DAN: ‘No!’
ERIKA: ‘Why would you carry that?’
DAN: ‘Because he can!’




2) Scene of Arnie teaching his daughter how to perform martial arts in the credit sequence
DAN: 'Yeah, we get that he loves his daughter.’



3) Scene of Bennett walking around with his chain-mail on.
SEYMOUR: ‘Look, he’s wearing it in public!’



4) Shot of Bennett in leather pants.
DAN: ‘This really is a gay movie.’



5) Scene where Bill Duke says to Arnie “fuck you” and Arnie replies in a camp fashion “fuck you, asshole”
ERIKA: ‘That’s so gay... [shot of naked women in the next hotel room] Oh my god, look at the size of her tits!’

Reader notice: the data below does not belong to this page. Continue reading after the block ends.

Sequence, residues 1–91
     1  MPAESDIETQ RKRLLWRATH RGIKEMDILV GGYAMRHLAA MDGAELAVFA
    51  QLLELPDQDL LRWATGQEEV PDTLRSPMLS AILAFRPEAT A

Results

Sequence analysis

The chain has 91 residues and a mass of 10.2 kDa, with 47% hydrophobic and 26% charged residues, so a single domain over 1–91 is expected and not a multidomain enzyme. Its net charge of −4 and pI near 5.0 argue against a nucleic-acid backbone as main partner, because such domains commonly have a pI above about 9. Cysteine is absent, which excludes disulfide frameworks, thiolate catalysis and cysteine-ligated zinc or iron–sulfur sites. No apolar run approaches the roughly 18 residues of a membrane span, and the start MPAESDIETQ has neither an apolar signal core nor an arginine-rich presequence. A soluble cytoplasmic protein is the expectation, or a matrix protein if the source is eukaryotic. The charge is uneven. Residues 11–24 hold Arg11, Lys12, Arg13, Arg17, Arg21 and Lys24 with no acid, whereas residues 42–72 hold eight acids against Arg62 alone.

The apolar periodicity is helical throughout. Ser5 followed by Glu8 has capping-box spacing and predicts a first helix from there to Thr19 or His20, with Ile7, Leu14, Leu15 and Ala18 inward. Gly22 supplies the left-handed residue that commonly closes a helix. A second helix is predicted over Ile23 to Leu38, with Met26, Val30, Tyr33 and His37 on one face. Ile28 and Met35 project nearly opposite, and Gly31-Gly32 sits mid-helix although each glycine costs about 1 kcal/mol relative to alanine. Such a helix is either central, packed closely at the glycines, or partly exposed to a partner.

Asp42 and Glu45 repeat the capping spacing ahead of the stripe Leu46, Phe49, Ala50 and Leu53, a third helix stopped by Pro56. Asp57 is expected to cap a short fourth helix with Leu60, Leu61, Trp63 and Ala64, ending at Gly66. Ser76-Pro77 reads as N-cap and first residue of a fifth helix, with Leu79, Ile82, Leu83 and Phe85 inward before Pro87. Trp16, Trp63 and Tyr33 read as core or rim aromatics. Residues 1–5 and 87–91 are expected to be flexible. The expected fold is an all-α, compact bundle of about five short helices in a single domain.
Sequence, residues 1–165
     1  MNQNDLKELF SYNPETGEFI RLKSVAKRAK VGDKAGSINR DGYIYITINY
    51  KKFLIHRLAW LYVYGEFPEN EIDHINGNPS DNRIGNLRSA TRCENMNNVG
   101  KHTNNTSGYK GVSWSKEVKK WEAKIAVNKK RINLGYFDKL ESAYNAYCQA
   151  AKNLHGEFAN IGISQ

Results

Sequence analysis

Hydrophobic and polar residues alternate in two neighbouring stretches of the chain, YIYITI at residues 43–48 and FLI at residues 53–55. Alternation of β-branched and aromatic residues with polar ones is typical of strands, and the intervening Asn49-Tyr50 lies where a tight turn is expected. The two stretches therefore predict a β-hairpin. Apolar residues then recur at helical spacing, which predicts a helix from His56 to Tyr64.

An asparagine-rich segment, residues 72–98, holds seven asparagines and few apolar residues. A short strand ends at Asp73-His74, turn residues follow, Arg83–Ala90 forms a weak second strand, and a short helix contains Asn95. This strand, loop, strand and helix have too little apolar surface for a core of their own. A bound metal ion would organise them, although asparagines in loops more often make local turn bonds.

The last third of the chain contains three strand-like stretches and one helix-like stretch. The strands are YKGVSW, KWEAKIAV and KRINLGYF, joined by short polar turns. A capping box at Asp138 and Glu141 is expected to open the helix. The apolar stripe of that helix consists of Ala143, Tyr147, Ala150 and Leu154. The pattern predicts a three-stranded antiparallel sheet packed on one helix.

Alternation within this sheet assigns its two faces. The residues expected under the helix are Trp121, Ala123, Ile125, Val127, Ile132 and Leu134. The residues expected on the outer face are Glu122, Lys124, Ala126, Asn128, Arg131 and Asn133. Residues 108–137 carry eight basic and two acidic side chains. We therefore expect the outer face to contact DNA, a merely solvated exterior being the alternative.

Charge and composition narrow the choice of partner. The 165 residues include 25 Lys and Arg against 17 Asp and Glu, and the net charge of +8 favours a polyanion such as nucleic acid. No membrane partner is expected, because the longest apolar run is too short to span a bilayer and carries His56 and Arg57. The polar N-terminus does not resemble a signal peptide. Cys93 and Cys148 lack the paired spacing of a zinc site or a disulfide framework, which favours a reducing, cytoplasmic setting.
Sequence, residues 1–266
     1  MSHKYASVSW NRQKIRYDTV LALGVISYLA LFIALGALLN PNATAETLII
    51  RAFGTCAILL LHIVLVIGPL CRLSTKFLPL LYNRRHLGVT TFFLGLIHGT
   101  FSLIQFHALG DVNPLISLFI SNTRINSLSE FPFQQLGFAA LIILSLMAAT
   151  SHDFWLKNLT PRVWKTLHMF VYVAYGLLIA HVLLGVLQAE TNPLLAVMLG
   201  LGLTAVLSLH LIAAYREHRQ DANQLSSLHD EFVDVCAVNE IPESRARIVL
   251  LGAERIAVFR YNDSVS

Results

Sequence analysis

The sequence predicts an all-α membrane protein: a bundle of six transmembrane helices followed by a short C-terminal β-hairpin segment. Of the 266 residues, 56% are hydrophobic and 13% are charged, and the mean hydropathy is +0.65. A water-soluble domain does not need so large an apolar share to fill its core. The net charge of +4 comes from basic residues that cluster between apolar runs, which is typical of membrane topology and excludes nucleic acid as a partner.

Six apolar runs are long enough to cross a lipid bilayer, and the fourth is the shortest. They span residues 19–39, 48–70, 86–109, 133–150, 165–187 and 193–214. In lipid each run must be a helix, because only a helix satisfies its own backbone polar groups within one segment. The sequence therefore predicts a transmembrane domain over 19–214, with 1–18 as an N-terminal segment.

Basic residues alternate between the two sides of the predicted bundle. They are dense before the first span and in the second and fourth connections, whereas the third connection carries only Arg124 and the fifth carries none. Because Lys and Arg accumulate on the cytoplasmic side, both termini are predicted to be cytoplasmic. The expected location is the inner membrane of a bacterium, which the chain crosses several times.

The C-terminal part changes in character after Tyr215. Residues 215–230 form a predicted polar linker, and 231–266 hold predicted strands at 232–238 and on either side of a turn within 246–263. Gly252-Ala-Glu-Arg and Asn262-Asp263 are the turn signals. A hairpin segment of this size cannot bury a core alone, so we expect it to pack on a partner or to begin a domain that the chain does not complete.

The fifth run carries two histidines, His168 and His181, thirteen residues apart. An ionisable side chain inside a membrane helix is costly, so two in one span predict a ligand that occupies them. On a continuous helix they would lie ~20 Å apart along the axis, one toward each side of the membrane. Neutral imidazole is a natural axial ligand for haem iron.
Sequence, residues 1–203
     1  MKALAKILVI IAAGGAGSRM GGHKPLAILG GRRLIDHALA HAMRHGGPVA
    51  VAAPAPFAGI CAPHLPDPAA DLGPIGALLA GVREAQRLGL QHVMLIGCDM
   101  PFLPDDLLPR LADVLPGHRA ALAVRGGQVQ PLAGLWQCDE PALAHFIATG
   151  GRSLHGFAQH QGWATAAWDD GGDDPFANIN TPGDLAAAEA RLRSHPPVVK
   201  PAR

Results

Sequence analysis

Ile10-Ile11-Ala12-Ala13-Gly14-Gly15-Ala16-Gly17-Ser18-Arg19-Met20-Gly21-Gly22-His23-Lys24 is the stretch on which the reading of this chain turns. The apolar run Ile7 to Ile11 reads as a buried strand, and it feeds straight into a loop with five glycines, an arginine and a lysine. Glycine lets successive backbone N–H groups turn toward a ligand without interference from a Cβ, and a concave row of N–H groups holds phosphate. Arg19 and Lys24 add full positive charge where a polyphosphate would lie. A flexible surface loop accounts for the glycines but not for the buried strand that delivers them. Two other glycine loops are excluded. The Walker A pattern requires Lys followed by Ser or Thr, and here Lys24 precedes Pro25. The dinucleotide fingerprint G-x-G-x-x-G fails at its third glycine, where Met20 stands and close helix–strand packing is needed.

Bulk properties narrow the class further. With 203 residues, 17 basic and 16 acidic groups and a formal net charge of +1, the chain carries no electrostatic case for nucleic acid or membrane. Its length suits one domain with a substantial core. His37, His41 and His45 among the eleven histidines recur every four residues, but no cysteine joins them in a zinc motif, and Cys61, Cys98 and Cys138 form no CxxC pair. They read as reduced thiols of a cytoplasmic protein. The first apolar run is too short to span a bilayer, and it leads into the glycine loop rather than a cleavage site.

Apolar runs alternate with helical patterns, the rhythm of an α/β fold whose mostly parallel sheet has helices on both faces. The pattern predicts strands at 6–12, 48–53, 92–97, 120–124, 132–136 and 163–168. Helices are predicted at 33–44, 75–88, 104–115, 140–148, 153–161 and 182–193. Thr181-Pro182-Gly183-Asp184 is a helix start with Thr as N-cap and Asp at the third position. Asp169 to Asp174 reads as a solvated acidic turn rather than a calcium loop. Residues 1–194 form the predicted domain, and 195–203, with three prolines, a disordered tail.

6) Scene where Arnie rips open a chain lock on a fence
DAN: ‘Yeah, we get it, guys. He’s fucking strong.’




7) Shot of Arnie putting the brake on the bulldozer he’s used to smash into a gunshop
SEYMOUR: ‘He put the handbrake on the bulldozer... Didn’t want it roll away and make a scene’



8) Shots of Arnie taking lots of guns into a shopping trolley
SEYMOUR: ‘This is some Reaganite shit’



9)Scene where Arnie sets a C4 claymore that explodes a building into a gigantic fireball.
SEYMOUR: “Those claymores have a few ball bearings in them.”



10) Shot of Bennett chasing after Arnie’s daughter
DAN: “He’s so fat and weird.’



11) Many shots of soldiers being wasted by Arnie.
ERIKA: ‘These guys suck.’



12) Arnie hides behind a statue during a shoot-out.
SEYMOUR: ‘I’d love it if it was a statue of Jesus.’



13) Shot of Bennett during Arnie’s speech about sticking the knife into him.